The high school classes of 2020 and 2021 have endured massive disruption to their education experiences. As enrollment trends show, many of these learners are choosing not to continue their education journeys beyond high school. Of vital interest to Strada Education Network and stakeholders across the country is the sharp decline in postsecondary education enrollment from students attending high-poverty high schools.
This career exploration and readiness program’s formula for learner success combines social capital, self-discovery to launch career pathways for first-gen grads
Over the past 15 years, the number of student loan recipients has increased by 51 percent and the debt associated with those loans has more than doubled. More Americans are borrowing more money to go to college.
We asked alumni nationwide who had borrowed money to go to school if their loans were worth it.
Growing up in San Francisco, Ebony Beckwith attended an academically selective high school where most of her classmates were university-bound. She opted for a different path, heading directly into the workforce while winding through several community colleges before realizing she needed that four-year degree to reach her career goals.
When do people believe their student loans were worth it? The amount of the loan, how much money someone makes and how much education they completed doesn’t tell the whole story.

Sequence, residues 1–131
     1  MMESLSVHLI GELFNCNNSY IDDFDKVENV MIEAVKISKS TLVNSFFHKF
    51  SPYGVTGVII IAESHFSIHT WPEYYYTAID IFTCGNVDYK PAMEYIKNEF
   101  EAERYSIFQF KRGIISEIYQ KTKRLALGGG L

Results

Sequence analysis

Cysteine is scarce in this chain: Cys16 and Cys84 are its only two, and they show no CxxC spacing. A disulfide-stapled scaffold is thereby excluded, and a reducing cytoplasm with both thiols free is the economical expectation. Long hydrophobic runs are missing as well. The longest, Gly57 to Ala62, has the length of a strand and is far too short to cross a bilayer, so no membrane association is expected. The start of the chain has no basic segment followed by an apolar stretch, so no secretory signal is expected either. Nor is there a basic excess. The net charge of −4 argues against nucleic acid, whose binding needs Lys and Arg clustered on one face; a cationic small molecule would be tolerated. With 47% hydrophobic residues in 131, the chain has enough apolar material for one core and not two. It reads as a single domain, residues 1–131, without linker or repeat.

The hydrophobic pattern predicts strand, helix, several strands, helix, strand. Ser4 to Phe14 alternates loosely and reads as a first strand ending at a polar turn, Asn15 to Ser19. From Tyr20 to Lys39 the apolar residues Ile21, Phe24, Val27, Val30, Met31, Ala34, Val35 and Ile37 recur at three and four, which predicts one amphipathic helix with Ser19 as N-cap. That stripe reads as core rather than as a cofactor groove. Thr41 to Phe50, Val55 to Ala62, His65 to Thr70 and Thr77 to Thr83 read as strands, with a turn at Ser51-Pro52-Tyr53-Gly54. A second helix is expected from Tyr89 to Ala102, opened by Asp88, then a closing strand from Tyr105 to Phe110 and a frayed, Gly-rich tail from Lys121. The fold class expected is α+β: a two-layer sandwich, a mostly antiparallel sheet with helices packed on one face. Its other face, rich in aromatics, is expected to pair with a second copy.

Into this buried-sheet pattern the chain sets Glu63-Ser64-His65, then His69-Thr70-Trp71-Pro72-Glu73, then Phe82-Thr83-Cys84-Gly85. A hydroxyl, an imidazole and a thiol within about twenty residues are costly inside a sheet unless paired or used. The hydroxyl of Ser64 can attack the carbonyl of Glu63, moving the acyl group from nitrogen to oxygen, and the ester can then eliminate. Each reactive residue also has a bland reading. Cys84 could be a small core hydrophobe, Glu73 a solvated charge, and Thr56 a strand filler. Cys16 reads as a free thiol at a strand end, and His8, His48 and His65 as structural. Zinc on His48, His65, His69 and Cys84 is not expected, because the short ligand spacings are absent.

Gerald Chertavian believes every young adult has potential and deserves a clear pathway to a great career, whether through college or directly into the workforce. And as founder and CEO of Year Up, he’s proving that with the appropriate training and employer support, it can take as little as one year for “opportunity youth” — 16- to 24-year-olds who are neither working nor in school — to move from poverty to a well-paid, in-demand career, often with a Fortune 500 company.
Can the pandemic induce higher education to jump-start the future of learning?
Amid a pandemic crisis characterized by stay-at-home orders and travel restrictions, the leader of the career center at Stony Brook University describes its fallout with an unexpected word: freedom.